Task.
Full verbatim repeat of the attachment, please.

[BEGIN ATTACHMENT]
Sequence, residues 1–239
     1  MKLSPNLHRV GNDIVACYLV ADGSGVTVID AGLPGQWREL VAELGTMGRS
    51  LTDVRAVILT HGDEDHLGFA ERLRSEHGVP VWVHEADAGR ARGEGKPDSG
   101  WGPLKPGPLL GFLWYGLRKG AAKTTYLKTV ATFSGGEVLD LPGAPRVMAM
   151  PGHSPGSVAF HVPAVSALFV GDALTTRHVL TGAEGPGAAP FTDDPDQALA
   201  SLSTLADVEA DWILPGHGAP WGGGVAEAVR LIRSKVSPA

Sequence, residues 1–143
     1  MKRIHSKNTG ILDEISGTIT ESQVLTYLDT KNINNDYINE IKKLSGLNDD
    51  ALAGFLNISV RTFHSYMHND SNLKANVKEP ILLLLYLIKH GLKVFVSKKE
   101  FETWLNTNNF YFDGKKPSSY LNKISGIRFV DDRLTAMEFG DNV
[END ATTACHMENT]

Sequence, residues 1–239
     1  MKLSPNLHRV GNDIVACYLV ADGSGVTVID AGLPGQWREL VAELGTMGRS
    51  LTDVRAVILT HGDEDHLGFA ERLRSEHGVP VWVHEADAGR ARGEGKPDSG
   101  WGPLKPGPLL GFLWYGLRKG AAKTTYLKTV ATFSGGEVLD LPGAPRVMAM
   151  PGHSPGSVAF HVPAVSALFV GDALTTRHVL TGAEGPGAAP FTDDPDQALA
   201  SLSTLADVEA DWILPGHGAP WGGGVAEAVR LIRSKVSPA

Sequence, residues 1–143
     1  MKRIHSKNTG ILDEISGTIT ESQVLTYLDT KNINNDYINE IKKLSGLNDD
    51  ALAGFLNISV RTFHSYMHND SNLKANVKEP ILLLLYLIKH GLKVFVSKKE
   101  FETWLNTNNF YFDGKKPSSY LNKISGIRFV DDRLTAMEFG DNV